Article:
Overloaded goods carriers pose a danger to motorists in city

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ENDANGERING LIVES: Iron pipes protrude dangerously from a mini-lorry passing through an arterial road in Kochi. Photo: Vipinchandran
ENDANGERING LIVES: Iron pipes protrude dangerously from a mini-lorry passing through an arterial road in Kochi. Photo: Vipinchandran

Staff Reporter

KOCHI: Trucks and goods carriers carrying iron rods, concrete and bamboo poles and wooden logs that protrude from the rear are posing danger to motorists in Kochi city.

Two youth were killed on Saturday last on the Vytilla-Palarivattom bypass when the protruding iron rods in an unlit truck pierced their body. The youth were returning on a two-wheeler from Malayatoor. The accident occurred at 3.30 a.m. when the motorists were caught unawares as the truck did not have its parking lights on.

M. Sekharan, Assistant Commissioner of Police (City Traffic East), said the iron rods were protruding 1.5 metres from the truck's platform. "The vehicle was waiting to be unloaded at an adjacent shop. No lights had been switched on to warn motorists," he said. The driver has been charged with parking the vehicle sans mandatory lights, on the road.

"We plan to undertake a drive against trucks that are loaded beyond the permissible weight and dimensions," Mr. Sekharan said.

Overloaded vehicles pose two types of threats. Fellow motorists may ram into the poles and other goods protruding from their platform.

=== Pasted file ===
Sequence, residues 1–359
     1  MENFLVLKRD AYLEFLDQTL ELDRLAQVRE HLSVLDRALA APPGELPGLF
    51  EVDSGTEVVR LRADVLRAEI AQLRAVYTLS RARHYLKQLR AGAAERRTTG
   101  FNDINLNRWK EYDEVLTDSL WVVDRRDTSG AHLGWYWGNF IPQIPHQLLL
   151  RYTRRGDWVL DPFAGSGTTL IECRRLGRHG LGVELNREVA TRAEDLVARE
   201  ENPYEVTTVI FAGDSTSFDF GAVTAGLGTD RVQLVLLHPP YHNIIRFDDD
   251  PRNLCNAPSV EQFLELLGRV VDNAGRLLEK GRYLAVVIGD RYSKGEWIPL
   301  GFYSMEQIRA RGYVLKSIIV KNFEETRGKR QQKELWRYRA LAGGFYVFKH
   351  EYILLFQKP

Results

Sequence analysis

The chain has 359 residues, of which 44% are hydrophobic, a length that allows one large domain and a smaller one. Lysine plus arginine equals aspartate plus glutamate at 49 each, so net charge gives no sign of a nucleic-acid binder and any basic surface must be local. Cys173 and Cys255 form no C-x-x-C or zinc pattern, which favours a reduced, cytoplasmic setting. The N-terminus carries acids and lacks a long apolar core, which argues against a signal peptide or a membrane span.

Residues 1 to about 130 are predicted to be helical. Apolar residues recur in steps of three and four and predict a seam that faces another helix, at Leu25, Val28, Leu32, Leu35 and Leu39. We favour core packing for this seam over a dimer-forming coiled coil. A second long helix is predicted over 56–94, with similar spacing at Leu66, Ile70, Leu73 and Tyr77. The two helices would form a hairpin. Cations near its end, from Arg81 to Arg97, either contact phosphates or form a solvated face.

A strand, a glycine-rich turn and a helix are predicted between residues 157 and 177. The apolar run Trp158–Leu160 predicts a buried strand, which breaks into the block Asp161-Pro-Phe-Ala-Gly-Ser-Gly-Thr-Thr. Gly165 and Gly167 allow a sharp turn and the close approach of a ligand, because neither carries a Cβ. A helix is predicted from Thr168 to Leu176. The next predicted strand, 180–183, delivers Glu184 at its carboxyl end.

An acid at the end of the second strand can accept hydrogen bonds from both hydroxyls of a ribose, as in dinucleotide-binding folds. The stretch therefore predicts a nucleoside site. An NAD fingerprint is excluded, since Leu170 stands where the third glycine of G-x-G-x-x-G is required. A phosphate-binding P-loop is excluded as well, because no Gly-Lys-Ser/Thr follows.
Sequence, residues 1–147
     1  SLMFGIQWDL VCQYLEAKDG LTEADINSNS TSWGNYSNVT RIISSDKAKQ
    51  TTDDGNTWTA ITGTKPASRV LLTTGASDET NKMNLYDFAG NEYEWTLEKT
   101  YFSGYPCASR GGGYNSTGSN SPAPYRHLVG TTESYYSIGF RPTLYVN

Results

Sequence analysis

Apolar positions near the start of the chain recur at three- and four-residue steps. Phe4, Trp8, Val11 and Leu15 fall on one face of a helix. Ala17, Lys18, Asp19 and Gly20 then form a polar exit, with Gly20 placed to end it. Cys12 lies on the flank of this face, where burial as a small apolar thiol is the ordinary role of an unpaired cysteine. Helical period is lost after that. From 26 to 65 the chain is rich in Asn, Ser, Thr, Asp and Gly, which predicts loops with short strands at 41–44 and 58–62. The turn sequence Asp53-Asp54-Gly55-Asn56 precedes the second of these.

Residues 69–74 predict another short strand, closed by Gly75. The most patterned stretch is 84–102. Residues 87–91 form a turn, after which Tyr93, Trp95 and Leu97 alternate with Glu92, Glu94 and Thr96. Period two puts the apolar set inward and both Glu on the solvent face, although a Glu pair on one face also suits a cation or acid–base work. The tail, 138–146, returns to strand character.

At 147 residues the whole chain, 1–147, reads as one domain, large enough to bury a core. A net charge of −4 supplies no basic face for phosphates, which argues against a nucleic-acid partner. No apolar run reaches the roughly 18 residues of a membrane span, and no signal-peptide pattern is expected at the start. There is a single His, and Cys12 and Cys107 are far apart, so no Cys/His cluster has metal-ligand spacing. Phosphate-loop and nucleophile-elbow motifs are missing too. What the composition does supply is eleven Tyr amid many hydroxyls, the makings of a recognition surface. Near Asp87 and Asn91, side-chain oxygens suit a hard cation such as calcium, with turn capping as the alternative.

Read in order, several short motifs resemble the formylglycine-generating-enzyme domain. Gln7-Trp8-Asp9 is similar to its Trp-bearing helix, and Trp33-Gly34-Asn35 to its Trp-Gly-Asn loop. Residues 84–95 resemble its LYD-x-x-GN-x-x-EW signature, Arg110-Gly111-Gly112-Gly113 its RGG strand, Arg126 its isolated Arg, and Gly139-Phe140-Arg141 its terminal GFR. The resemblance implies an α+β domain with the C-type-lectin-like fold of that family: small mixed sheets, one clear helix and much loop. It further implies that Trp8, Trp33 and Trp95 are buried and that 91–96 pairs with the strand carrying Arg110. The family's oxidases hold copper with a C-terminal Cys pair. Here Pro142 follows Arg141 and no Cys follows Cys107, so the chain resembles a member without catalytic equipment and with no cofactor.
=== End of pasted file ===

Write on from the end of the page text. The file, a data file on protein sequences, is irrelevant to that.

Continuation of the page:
The risk increases manifold at night. Secondly, the axle and wheels may collapse, unable to bear the load.

Two years back, the crew of a private television channel escaped with grievous injuries after their car hit the rear of a truck that was carrying railway tracks, in Aluva. "The consignment was protruding a few metres from the truck's platform. We were following the truck, when it suddenly applied the brake. It did not have tail and brake lamps. Two of us suffered multiple fractures in the leg under the impact of the collision and another suffered serious head injury after his head rammed into the tracks," says Rajesh K Nair, the channel's cameraman.

M.N. Prabhakaran, Ernakulam RTO, says that under the Motor Vehicles' Act, no consignment must protrude out more than three feet from a vehicle's rear.

"While prominent red flags have to be used during day, highly-visible lights and reflectors have to be installed on the load at night. Accidents are likely during night, especially at turnings, when the drivers' vision is blinded by bright headlights from the opposite direction."

The Motor Vehicles' Department plans to conduct a drive against vehicles that are overloaded and those that do not have the mandatory lights and windscreen wiper while parked in the carriageway of roads. "Eleven more assistant motor vehicle inspectors have joined the Ernakulam RTO office. We will soon set up a mobile-enforcement squad at night, focussed at checking rule violations by goods carriers. The licence of drivers of errant trucks will be suspended and the vehicle detained till all safety features are complied with. Members of the public can pass on information to the squad at 98957 13947," Mr. Prabhakaran said.

He added that the department would soon get additional speed radars and lux meter (to assess the brightness of headlights). One reflective triangle is a must in every five feet space, for vehicles parked on the road.




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